Growing up in a working-class household and raised by immigrant parents, the Ivy League wasn’t on the radar for the Yang family. But after Wennicha earned an academic scholarship, she realized her whip-smart brother would have a good shot. Yang worked hard, and with the help of a Harding High guidance counselor, applied to a number of prestigious schools. He attended Brown University in Rhode Island and earned a scholarship to help cover expenses. 

Adventurous life

Brown University was a culture shock for Yang, Wennicha said. Many students came from very wealthy backgrounds, but Yang found a niche for himself and connected with other first generation immigrant students.

“Brian had to learn how to navigate the spaces he was in by himself,” Wennicha said.  

He took full advantage of Brown’s international programming to study across the globe, successfully navigating many spaces alone and making friends along the way. Yang spent time in Argentina, Costa Rica, Madagascar, South Africa, Vietnam, and Tanzania as a student. 

During his senior year, he spent a semester abroad in Laos, staying with extended family while working on his college thesis, a study on the impact of undetonated explosives left over from the Vietnam War on the socioeconomic conditions of people in the Xieng Khouang province. 

Yang graduated from Brown in 2018 with a degree in medical anthropology and international public health. He dreamed of helping refugees impacted by war and climate change. 

After receiving his degree, Yang was accepted into a graduate leadership program at Brown, but deferred. He opted instead to join the U.S. Army and attend Officer Candidate School, driven to become a leader and test himself.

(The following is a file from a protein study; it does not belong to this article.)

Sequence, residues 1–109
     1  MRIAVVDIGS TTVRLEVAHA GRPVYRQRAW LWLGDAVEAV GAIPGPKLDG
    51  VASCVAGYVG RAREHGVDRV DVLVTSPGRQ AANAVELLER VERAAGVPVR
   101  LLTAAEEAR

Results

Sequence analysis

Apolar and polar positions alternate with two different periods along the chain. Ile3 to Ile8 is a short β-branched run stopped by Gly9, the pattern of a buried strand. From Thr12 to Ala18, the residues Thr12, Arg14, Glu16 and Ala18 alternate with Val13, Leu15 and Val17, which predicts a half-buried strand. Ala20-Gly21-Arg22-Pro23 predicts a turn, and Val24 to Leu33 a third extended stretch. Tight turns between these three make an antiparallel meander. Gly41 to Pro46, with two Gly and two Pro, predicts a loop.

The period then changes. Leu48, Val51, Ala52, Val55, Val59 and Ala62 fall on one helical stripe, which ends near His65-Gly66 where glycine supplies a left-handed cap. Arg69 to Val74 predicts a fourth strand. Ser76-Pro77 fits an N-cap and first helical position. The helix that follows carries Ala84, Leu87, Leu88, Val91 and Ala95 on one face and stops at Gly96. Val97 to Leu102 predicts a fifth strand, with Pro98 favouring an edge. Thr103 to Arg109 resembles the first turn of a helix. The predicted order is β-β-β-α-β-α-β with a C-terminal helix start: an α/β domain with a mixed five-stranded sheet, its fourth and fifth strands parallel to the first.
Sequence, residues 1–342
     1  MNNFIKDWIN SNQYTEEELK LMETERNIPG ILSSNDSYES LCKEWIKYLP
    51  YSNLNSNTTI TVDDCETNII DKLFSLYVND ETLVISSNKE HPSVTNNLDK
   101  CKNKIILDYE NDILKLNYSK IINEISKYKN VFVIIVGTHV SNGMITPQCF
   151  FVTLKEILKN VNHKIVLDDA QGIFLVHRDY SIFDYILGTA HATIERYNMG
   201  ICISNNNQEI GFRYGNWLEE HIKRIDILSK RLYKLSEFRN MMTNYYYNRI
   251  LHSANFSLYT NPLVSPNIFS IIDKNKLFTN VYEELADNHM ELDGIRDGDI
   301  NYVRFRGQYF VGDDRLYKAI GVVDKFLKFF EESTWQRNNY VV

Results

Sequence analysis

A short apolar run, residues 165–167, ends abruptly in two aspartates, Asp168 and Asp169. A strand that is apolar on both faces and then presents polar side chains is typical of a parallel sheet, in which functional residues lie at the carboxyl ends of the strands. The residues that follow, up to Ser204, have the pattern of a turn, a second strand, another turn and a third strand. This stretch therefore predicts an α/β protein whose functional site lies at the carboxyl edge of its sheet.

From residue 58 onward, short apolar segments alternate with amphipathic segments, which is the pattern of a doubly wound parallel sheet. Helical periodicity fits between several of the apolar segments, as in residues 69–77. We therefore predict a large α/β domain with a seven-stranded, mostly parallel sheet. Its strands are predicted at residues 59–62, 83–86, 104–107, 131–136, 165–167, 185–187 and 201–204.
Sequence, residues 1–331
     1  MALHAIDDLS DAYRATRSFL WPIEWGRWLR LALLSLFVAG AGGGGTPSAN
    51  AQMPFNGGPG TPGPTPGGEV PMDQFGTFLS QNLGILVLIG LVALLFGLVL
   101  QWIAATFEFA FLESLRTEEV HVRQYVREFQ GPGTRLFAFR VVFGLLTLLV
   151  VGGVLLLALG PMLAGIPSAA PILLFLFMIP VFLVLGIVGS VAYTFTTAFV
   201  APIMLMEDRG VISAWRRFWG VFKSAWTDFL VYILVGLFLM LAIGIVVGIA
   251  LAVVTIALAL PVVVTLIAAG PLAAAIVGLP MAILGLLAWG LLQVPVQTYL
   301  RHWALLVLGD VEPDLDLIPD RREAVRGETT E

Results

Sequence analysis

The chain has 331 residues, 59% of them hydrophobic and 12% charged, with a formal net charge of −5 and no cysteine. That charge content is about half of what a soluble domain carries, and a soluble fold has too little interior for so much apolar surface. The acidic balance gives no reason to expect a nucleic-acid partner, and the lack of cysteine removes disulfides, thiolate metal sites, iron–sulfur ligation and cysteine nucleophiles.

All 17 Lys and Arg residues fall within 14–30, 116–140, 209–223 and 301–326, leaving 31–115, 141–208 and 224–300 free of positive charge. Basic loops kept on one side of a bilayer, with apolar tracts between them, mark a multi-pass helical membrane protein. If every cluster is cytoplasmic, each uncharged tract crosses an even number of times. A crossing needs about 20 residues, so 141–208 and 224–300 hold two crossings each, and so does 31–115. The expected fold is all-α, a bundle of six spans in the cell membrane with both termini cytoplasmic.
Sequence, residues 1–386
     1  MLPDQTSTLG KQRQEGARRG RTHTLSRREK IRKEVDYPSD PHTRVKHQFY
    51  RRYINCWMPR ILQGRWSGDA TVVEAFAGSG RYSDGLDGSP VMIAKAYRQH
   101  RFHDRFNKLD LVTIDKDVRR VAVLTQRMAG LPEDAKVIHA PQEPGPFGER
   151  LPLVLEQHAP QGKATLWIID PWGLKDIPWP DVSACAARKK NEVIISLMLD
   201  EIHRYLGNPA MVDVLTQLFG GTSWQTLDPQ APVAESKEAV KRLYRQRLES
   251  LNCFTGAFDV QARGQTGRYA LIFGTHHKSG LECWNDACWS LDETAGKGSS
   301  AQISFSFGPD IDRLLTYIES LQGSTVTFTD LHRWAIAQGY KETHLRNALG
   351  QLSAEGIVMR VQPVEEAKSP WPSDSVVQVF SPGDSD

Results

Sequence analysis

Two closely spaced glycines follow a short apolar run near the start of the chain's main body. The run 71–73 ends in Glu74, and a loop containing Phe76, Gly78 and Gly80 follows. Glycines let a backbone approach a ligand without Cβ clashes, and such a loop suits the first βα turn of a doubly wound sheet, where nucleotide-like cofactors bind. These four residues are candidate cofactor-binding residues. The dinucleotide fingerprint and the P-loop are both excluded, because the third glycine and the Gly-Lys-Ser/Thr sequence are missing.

‘A very caring guy’

When Yang was young, he was impulsive, his brother SuChann said, but as he became an adult he began to think through his life in a meticulous way. Connecting with family and friends was an important part of Yang’s life, something he did on a regular basis to check-in, listen, and offer encouragement. 

“Brian was a very caring guy, he would always be the first one to reach out to people,” SuChann said. “I think that’s what made people connect to Brian.” 

Wennicha’s phone used to ring late at night, with her younger brother calling to check on her and catch up. They could talk for hours, she said, and Yang was always one to listen and ask questions about others before offering stories from his own compelling life. 

As Brian Yang prepared to take on his new role training soldiers in the Army, he was training himself for his next grueling distance race. Taking on professional and personal goals was the norm for Yang, who always put the maximum effort forward.

“He always chased after what it means for him to be alive,” Wennicha said. 

A military memorial for Yang was held in Washington state on July 28. 

Andrew Hazzard covers climate issues for Sahan Journal. He has worked for newspapers in North Dakota, Mississippi and Minnesota. He is member of Society of Environmental Journalists. His work at Sahan...